According to Fred Lau, Oakland International’s federal security director, participation in a walkout would also “have an impact on their applications and their future eligibility for employment” with the TSA.

The planned walkout was a response to the TSA’s elimination of workers from the new federal group because they are foreigners. About 100 of Oakland’s 240 screeners were slated to be laid off at the beginning of this week because they do not qualify under the TSA’s new post-September 11 rules. Among them is a law passed by Congress last fall which bars all non-citizens from working as screeners in the new federal workforce. About half of Oakland’s screeners fall into this category.

Workers strike New Jersey hospital equipment maker

Seventy workers struck a Lodi, New Jersey hospital equipment manufacturer October 1 after company management and negotiators for Sheet Metal Local 25 failed to reach a contract agreement. The main issue is Blickman Health Industries’ demand to increase workers’ health insurance co-payment by 70 percent. The union asked for a 5.25 percent wage increase for each year of a three-year agreement and to limit insurance co-payments to 35 percent of total premium costs for families and 15 percent for single employees. Blickman offered wage increases of 3.5 percent, 4 percent and 4.5 percent in each year of the contract.

The New Jersey Housing and Community Development Network recently released a study showing that residents of the county where the factory is situated must earn $20.96 per hour in order to afford an average two-bedroom apartment costing $1,090 per month. Blickman workers average $13.38 per hour and are paying an average 43 percent of their wages for housing.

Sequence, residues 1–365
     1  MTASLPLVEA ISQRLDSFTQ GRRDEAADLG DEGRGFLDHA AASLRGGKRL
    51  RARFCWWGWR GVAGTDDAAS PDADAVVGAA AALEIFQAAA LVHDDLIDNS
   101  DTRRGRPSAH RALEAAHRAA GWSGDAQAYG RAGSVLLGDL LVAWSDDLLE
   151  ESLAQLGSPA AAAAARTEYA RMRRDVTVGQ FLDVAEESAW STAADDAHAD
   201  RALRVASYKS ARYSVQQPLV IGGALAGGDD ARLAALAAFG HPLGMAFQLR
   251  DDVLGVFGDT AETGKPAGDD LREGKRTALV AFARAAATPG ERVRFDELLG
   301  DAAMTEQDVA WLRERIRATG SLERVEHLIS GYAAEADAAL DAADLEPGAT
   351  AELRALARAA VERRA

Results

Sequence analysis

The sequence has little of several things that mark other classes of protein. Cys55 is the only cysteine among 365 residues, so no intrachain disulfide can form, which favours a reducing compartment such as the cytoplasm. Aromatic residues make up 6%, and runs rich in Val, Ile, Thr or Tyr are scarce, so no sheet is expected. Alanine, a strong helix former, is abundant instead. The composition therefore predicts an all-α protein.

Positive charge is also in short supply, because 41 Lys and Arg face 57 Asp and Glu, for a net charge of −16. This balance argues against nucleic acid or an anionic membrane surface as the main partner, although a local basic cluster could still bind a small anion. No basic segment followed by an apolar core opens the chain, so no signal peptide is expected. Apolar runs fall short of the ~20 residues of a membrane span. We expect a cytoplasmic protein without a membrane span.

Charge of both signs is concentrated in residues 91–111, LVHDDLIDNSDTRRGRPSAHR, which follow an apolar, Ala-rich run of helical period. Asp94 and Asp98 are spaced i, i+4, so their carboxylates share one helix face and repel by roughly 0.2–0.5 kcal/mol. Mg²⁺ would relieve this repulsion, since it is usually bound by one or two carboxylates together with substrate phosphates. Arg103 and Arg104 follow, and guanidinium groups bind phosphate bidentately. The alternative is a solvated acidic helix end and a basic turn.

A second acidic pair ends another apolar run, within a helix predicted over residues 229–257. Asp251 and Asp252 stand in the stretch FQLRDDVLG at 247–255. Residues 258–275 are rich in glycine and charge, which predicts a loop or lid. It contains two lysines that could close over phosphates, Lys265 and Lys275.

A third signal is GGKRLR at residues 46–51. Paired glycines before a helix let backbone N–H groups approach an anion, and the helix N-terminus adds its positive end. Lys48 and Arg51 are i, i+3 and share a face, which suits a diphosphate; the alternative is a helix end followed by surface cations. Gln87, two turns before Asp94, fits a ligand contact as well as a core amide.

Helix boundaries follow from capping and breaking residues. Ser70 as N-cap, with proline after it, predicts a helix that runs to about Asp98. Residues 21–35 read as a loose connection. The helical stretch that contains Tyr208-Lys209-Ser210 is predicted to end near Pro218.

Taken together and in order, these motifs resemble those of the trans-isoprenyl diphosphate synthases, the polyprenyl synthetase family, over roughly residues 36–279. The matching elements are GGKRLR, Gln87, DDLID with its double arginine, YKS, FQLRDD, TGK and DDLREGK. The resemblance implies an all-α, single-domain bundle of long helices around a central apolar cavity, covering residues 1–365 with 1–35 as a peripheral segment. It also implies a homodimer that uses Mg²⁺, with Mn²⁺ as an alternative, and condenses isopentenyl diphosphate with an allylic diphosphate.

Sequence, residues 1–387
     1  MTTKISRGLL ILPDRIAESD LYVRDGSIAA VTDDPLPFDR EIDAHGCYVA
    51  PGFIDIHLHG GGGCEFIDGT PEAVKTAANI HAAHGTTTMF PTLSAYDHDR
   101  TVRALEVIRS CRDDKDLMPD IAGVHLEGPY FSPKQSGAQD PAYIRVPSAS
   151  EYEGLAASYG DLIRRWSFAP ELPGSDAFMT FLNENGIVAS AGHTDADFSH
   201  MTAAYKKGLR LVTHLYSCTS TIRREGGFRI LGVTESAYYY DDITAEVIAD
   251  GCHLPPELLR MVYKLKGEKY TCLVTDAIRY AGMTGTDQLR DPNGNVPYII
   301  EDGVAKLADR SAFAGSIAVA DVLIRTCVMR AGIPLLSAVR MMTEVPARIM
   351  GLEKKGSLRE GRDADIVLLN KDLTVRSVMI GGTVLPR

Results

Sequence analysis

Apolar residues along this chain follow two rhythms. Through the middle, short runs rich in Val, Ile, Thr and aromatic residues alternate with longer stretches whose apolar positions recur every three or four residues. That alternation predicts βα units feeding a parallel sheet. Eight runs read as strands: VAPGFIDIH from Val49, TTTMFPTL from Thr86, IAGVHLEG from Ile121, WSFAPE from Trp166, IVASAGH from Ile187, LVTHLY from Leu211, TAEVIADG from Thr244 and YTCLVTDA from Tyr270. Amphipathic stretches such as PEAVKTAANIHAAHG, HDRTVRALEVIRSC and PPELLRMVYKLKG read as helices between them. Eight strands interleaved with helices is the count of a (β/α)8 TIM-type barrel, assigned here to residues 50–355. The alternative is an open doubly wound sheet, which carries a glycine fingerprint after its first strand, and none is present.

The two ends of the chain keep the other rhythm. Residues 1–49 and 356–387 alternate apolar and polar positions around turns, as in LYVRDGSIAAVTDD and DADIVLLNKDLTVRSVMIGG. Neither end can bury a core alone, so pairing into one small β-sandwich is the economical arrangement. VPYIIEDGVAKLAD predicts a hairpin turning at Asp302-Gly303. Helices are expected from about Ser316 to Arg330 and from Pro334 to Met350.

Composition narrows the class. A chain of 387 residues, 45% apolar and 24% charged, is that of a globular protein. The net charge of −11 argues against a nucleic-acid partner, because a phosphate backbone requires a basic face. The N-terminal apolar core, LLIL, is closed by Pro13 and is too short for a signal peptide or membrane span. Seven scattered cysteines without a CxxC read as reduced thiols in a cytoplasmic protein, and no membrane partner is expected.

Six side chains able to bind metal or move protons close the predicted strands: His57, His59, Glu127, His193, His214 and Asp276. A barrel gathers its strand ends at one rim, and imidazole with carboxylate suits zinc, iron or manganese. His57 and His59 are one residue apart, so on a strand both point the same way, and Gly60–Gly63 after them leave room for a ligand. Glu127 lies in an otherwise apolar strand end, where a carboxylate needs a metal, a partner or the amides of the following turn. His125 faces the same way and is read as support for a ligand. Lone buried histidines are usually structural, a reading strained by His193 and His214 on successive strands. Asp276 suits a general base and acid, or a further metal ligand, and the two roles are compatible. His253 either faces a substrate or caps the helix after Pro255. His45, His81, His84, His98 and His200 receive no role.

International Falls teachers strike continues

Some 100 teachers in International Falls, Minnesota concluded their second week on strike to demand higher wages and oppose increased insurance costs. The strike has shut down three public schools, affecting 1,500 students.

After more than one year without a contract the school board has offered a mere 1 percent salary increase in the first year and a 4 percent increase in the second and final year of the contract. Members of Education Minnesota Local 331 want 3.5 percent and 3 percent respectively.

In the last contract, the school district covered all costs for basic health care coverage. But it is now seeking to transfer 10 percent of those costs to teachers. Many teachers point out that the insurance increases mean they will actually be making less money than in previous years. The union maintains that the wage increases are in line with other settlements in northern Minnesota.